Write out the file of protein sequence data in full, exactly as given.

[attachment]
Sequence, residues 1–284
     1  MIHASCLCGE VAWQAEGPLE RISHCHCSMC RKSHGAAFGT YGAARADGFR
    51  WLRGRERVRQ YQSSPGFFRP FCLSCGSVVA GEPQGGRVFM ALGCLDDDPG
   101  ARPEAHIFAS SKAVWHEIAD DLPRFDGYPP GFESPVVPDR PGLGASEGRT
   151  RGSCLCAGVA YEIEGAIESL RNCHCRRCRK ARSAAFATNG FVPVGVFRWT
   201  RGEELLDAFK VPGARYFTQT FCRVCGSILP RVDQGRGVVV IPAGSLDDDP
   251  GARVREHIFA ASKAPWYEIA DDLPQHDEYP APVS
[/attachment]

Sequence, residues 1–284
     1  MIHASCLCGE VAWQAEGPLE RISHCHCSMC RKSHGAAFGT YGAARADGFR
    51  WLRGRERVRQ YQSSPGFFRP FCLSCGSVVA GEPQGGRVFM ALGCLDDDPG
   101  ARPEAHIFAS SKAVWHEIAD DLPRFDGYPP GFESPVVPDR PGLGASEGRT
   151  RGSCLCAGVA YEIEGAIESL RNCHCRRCRK ARSAAFATNG FVPVGVFRWT
   201  RGEELLDAFK VPGARYFTQT FCRVCGSILP RVDQGRGVVV IPAGSLDDDP
   251  GARVREHIFA ASKAPWYEIA DDLPQHDEYP APVS